“I think Trump wants to see America succeed and I like that he puts America first. I feel like that’s his job. He’s elected in that role and that’s his concern.”
Chancy has seven children, aged between 27 and 13—one is in the Marines, three are married, one is in college, and two are still at home.
Her youngest, Hayden, 13, was harassed in 2016 by a teacher at his previous school in south Georgia for supporting Trump and wearing a Trump t-shirt.
“She would like pick on me in class in front of everybody trying to embarrass me,” Hayden said.
“He wore a Trump shirt,” Chancy said. “She would tell him he’s as obnoxious as his shirt and just make really rude comments.
“It concerned me that he couldn’t go to school and you know, say what he believed,” she said.
Chancy said she looked into private schools for Hayden when the family moved to Florida to avoid a similar situation.
Hayden was also bullied by a woman when he was at the beach.
“I was just standing there with all my stuff and they just came up to me and grabbed my stuff and started making fun of me,” he said. “[She] grabbed my shirt and pulled it and then talked a bunch of garbage to me then they walked away and scoffed at me. They grabbed at my hat.”
However, he remains undeterred and still wears his Trump-branded clothing.
‘Zero Job Skills’
Henry Kones grew up in the 1980s and has noticed a socialist, progressive movement chip away at many aspects of American life, including traditional values, work ethic, and the family unit.
He said generationally it’s millennials that lean toward socialism, partly because they “don’t know what it’s like to … pull yourself up by your bootstraps.”
“And that’s where the disconnect comes in,” Kones said. “I am an employer, so I know. They come out of universities and they have zero job skills.”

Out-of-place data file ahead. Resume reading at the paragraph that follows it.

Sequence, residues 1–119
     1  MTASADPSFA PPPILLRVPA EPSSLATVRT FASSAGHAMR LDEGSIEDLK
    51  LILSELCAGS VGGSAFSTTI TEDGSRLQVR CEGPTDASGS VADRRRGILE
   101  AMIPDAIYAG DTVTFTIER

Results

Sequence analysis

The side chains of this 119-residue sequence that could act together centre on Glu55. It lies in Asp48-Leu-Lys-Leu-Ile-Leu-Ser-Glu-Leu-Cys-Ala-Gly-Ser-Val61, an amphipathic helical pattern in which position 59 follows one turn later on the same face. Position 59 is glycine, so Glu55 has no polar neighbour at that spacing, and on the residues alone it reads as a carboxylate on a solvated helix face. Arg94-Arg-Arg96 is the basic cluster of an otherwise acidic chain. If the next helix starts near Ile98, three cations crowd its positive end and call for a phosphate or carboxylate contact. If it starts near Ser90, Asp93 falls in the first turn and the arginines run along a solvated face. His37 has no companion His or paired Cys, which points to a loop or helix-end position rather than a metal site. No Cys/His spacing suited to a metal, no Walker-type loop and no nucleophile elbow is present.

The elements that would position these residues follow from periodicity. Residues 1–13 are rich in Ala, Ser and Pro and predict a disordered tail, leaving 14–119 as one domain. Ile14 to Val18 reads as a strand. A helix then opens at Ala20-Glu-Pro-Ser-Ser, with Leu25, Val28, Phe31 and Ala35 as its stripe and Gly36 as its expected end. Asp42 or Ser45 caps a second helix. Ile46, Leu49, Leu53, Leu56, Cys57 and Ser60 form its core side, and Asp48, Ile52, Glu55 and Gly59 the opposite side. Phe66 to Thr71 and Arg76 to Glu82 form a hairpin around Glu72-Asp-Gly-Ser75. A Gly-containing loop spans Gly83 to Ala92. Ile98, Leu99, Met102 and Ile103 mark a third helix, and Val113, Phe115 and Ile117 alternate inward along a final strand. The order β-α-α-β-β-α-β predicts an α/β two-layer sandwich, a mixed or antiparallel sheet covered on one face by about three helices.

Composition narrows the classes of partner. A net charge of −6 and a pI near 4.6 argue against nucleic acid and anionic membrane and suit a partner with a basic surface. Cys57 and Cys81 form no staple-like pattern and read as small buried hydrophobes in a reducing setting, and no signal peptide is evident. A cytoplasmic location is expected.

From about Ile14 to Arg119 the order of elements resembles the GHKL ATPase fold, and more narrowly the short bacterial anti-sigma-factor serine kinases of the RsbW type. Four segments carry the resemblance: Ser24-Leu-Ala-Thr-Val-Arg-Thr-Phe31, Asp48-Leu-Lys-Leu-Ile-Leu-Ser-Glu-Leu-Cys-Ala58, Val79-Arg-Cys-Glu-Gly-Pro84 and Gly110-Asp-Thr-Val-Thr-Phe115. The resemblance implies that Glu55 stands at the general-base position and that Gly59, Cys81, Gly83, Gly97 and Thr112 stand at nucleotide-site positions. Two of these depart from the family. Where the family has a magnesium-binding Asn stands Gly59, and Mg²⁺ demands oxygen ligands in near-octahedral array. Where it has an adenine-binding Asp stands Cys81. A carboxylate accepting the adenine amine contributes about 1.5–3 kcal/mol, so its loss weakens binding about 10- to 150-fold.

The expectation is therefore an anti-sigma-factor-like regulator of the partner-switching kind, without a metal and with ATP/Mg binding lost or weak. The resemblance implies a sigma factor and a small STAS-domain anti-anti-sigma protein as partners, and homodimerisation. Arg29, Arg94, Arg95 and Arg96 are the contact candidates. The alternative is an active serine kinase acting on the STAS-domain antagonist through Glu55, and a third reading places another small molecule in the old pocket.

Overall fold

Part of the goal of socialism is to destroy the family unit, eliminating the most basic form of social order to give the government power over minute household decisions.
Kones said he sees that happening even in sitcoms on TV. “Look at the way men are portrayed on sitcoms—they are all idiots,” he said. “Traditionally men have always been the provider in the households but there is a complete devaluing of really the male role in a household.”
Kones’ wife Paula is originally from Colombia, and she has seen socialism in action.
“If there is a politician who is going to run on a socialist platform I think it would be required that that person should live in a socialist country for at least two years, so they can come and talk from experience, not from a romantic idea of what socialism is—which is a failed system,” she said.
“This is the best country in the world. Why would you change it?”
‘I Picked Conservative’
Seventeen-year-old Victor Bellino plans to join the navy after completing his final year in high school.
Meanwhile, he feels he has to lay low about his support for Trump at his high school.
“I wouldn’t want to wear a Trump shirt, I’d feel a little bit scared. Our school is pretty rough,” he said. “I used to have a sticker on my truck, I took that off because I was scared of vandalism.”
Bellino said the 2016 presidential election was his political coming of age and that discussions with his father have helped teach him to form his own opinions.
“I have decided to pick conservative,” he said. “But I just want to support our president.”
“I love that he really doesn’t care what people think. He has great foreign policy. What he’s doing with the economy is just amazing,” Bellino said. “I like his strong standpoint. I like that he doesn’t get bullied.”